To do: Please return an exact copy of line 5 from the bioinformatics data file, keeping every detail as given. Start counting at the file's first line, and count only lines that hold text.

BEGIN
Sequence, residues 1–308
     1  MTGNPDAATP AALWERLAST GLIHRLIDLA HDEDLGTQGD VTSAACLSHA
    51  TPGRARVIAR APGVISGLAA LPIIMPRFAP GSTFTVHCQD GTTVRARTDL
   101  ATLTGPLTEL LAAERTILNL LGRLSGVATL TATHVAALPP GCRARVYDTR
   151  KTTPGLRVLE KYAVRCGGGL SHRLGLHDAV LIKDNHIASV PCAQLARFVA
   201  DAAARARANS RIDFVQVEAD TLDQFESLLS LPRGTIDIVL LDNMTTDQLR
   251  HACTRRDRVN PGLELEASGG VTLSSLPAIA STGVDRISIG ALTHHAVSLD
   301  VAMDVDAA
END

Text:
   151  KTTPGLRVLE KYAVRCGGGL SHRLGLHDAV LIKDNHIASV PCAQLARFVA